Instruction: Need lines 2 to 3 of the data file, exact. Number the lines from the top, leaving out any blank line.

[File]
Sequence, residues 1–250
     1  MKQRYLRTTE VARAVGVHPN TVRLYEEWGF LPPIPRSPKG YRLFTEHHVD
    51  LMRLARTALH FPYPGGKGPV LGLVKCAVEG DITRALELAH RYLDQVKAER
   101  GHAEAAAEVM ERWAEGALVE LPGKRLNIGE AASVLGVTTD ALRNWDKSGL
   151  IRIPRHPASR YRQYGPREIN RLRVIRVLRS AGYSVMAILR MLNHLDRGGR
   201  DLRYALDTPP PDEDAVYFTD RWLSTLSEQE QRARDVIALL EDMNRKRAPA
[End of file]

     1  MKQRYLRTTE VARAVGVHPN TVRLYEEWGF LPPIPRSPKG YRLFTEHHVD
    51  LMRLARTALH FPYPGGKGPV LGLVKCAVEG DITRALELAH RYLDQVKAER